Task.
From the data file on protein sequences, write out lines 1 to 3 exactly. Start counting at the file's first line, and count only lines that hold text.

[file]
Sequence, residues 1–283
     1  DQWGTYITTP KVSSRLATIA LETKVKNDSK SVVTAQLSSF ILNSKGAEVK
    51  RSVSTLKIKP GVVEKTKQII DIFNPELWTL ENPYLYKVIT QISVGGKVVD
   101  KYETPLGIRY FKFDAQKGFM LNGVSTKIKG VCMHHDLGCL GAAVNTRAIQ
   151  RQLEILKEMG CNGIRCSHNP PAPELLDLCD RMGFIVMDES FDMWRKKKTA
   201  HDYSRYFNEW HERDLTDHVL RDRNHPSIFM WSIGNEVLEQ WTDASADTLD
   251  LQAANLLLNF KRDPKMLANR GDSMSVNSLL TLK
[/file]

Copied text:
Sequence, residues 1–283
     1  DQWGTYITTP KVSSRLATIA LETKVKNDSK SVVTAQLSSF ILNSKGAEVK
    51  RSVSTLKIKP GVVEKTKQII DIFNPELWTL ENPYLYKVIT QISVGGKVVD